3 Lessons for Creating Online Certification Programs
Like many organizations, one of our greatest challenges at the Association of International Certified Professional Accountants (AICPA) is to provide relevant learning and continuous professional development to our members and students.
As technology continues to change the way businesses operate, the competencies our members must have in order to provide value to their organizations also are changing—which, in turn, has driven us to change the way we operate.
The desire to provide value in a changing marketplace is one of the reasons we’ve moved beyond in-person tutors, trainers, and test centers to offer online learning and assessment for candidates pursuing the Chartered Global Management Accountant (CGMA) designation.
If your association is creating online learning, take a look at these three valuable lessons we learned from developing a custom online learning experience at AICPA.
Our goal was to develop an online learning and assessment solution designed to prepare candidates to take the Chartered Global Management Accountant (CGMA) exam and ultimately gain one of the most prestigious designations in finance and accounting.
More than 150,000 finance professionals have attained this certification around the world, which requires each learner to pass the rigorous case study exam.
Here’s what we learned through this process:
Lesson 1: Videos and text alone cannot replace in-person training.
Traditional face-to-face classroom training to attain the CGMA designation is a demanding commitment that requires candidates to dedicate a large amount of their time. We wanted to create the same depth level of training in an online environment.
Our first instinct was to go with what has become the traditional online learning model: Provide information by means of video and/or text, then test for knowledge acquisition.
But it quickly became obvious that this approach was not going to create the needed proficiency in key competencies, which today go beyond traditional finance and accounting mechanics into the areas of strategic planning and problem solving.
This led us to the next lesson.
Lesson 2: Learners need to practice applying knowledge.
The key piece missing from the traditional approach was at the application level. It is not enough for CGMA candidates to master knowledge; they must be able to apply that knowledge in situations that may be a lot murkier than the simple examples typical of most online content presentations.
Learners have to be able to weave their way through the complexity real life presents. To achieve that, we needed a different approach to online learning, one that exceeds simply presenting data to digest and enables learners to develop the skills needed to be of real value to their organizations.
There is much about our new CGMA training that pushes the envelope, but at the heart of it is a pedagogy with a heavy focus on application.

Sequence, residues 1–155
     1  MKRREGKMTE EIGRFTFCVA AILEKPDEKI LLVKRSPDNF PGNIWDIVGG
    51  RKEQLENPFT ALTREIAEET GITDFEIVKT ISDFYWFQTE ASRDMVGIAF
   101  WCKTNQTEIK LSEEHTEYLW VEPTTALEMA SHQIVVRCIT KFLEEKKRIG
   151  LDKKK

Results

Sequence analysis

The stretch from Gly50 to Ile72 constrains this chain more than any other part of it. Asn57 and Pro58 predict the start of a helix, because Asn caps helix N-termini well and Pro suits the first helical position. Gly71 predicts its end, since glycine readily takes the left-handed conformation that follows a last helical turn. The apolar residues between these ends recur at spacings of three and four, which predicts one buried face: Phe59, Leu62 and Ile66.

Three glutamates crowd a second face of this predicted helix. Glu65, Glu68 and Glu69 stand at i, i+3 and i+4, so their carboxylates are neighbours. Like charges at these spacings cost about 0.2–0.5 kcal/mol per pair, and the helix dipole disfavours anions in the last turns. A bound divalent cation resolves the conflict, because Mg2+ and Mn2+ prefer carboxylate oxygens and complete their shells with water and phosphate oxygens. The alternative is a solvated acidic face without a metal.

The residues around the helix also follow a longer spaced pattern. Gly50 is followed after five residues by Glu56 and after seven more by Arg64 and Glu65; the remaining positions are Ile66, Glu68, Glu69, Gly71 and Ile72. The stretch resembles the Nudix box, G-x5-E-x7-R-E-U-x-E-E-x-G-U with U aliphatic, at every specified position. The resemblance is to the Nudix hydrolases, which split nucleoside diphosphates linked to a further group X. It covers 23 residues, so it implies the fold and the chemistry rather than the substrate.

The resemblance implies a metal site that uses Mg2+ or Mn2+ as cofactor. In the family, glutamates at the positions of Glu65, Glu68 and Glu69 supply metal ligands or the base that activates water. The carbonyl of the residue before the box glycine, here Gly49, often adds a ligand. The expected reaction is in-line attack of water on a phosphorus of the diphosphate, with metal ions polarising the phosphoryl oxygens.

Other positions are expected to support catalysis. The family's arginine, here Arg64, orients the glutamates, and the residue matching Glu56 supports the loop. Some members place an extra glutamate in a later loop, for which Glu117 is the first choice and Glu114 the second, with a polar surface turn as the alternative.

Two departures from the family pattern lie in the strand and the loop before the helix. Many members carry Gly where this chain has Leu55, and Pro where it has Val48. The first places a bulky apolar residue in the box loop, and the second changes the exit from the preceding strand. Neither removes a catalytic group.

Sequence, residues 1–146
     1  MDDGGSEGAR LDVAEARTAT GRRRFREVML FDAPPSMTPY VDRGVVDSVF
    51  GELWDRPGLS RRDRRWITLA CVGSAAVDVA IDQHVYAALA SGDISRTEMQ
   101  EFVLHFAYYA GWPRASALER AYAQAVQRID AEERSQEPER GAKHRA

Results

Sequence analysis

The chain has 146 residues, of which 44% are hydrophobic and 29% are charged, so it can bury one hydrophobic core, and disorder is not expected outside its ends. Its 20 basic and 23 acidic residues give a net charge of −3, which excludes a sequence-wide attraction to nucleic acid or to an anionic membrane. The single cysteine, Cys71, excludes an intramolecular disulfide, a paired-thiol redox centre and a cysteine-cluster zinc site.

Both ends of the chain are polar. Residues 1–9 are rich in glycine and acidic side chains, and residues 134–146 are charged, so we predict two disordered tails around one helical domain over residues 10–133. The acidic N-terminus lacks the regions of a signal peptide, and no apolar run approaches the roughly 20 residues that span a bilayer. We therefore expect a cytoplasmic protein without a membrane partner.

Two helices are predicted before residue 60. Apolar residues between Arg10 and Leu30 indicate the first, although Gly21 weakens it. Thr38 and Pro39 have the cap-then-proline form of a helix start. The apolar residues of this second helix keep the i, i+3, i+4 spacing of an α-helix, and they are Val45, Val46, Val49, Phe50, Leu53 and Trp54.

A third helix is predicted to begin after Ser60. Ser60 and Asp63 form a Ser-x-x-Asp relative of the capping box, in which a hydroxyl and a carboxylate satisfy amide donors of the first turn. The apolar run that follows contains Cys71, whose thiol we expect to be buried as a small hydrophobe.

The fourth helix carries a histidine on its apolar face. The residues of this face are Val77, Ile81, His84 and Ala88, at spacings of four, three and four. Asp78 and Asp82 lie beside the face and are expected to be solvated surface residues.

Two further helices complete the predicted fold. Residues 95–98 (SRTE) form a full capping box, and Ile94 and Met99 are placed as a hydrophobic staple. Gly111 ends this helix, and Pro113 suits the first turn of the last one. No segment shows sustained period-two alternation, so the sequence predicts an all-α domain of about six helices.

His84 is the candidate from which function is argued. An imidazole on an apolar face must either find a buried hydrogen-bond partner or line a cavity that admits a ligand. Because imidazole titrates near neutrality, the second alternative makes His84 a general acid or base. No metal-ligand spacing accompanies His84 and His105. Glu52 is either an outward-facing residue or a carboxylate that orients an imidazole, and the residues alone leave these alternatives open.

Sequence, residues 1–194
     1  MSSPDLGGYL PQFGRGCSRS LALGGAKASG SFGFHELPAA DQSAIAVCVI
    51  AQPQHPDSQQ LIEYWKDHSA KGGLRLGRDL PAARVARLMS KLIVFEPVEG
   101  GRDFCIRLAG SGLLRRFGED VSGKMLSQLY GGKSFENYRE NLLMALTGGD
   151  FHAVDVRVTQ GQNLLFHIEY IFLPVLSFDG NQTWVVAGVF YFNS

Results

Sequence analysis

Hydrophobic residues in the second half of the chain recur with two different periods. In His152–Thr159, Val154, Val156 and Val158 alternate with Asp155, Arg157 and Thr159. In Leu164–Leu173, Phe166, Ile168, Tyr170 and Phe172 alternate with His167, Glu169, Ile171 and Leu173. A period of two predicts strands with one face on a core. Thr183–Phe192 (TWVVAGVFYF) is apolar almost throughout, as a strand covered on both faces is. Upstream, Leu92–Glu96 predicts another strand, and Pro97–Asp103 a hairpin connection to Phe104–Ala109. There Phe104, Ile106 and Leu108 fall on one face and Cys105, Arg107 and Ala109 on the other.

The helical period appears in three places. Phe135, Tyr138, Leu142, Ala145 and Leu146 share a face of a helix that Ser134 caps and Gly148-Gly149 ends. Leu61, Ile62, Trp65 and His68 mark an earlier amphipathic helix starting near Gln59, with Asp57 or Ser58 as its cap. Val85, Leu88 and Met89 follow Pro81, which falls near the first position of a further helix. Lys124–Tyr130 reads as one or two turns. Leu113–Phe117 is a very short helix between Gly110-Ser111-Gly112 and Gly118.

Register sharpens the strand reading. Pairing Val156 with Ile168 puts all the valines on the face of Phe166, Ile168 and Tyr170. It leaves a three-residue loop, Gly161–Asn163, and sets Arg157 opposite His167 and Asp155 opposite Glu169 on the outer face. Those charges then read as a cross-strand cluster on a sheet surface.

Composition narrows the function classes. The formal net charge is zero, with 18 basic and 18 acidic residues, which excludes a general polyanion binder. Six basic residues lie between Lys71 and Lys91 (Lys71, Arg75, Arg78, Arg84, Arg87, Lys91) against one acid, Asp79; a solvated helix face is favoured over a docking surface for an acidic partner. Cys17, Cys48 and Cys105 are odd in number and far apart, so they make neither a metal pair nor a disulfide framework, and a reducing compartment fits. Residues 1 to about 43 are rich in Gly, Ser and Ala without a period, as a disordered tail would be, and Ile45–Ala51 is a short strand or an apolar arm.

Learners do learn by watching and reading, but the deepest learning occurs within complex business simulations and interactive exercises through which they must successfully navigate in order to put new knowledge into practice—in other words, to develop skills.
The path through these exercises is not an easy one, and most candidates experience a degree of failure. But failure is a learning experience in its own right, and candidates learn as much from their mistakes as from their successes.
Lesson 3: Not all learners begin with the same level of knowledge.
We also are developing a true adaptive learning solution. The course is designed to be modular, developing proficiency in a variety of competencies at three levels: basic, intermediate, and advanced.
An initial assessment for each competency places learners at the level matching their current knowledge and skills, then takes them forward into full mastery. The system also adjusts to a learner’s speed, slowing down or accelerating as needed.
The learner must pass a test to be considered proficient in a competency and eligible to move forward. If he or she fails the assessment, the system identifies the topic(s) where remediation is required.
All of this takes place on a simple, intuitive, and learner-centric platform that is just the first step on a long road to delivering an innovative and unique learning and assessment system for CGMAs worldwide.
The CGMA course is a product of two years of evolution. We launched in September 2017 and have been responding to user feedback since then to refine—and in some cases, redo—parts of our learner experience.
But we feel that every piece of feedback—positive and negative—ultimately results in a product that is continuously improving, allowing us to push the envelope ever further in the world of online learning.
Joe McLatchie is senior manager at the Association of International Certified Professional Accountants (AICPA), where he oversees projects focused around the CGMA designation.